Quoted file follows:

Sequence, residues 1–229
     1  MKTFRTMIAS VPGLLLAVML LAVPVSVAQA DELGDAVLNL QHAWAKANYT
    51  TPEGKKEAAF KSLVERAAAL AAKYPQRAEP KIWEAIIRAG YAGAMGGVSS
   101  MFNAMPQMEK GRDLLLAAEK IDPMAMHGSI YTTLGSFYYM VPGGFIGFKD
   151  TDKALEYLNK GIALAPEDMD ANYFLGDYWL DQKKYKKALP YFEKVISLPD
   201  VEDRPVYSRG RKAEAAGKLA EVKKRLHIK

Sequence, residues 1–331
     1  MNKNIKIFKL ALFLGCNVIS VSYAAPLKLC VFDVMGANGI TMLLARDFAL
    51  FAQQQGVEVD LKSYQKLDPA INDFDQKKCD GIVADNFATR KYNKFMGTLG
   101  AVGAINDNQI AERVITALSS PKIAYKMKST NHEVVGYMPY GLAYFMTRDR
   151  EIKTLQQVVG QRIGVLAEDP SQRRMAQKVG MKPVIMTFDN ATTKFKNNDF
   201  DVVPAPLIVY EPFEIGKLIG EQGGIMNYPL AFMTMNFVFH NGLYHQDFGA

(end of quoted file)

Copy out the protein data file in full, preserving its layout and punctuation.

Sequence, residues 1–229
     1  MKTFRTMIAS VPGLLLAVML LAVPVSVAQA DELGDAVLNL QHAWAKANYT
    51  TPEGKKEAAF KSLVERAAAL AAKYPQRAEP KIWEAIIRAG YAGAMGGVSS
   101  MFNAMPQMEK GRDLLLAAEK IDPMAMHGSI YTTLGSFYYM VPGGFIGFKD
   151  TDKALEYLNK GIALAPEDMD ANYFLGDYWL DQKKYKKALP YFEKVISLPD
   201  VEDRPVYSRG RKAEAAGKLA EVKKRLHIK

Sequence, residues 1–331
     1  MNKNIKIFKL ALFLGCNVIS VSYAAPLKLC VFDVMGANGI TMLLARDFAL
    51  FAQQQGVEVD LKSYQKLDPA INDFDQKKCD GIVADNFATR KYNKFMGTLG
   101  AVGAINDNQI AERVITALSS PKIAYKMKST NHEVVGYMPY GLAYFMTRDR
   151  EIKTLQQVVG QRIGVLAEDP SQRRMAQKVG MKPVIMTFDN ATTKFKNNDF
   201  DVVPAPLIVY EPFEIGKLIG EQGGIMNYPL AFMTMNFVFH NGLYHQDFGA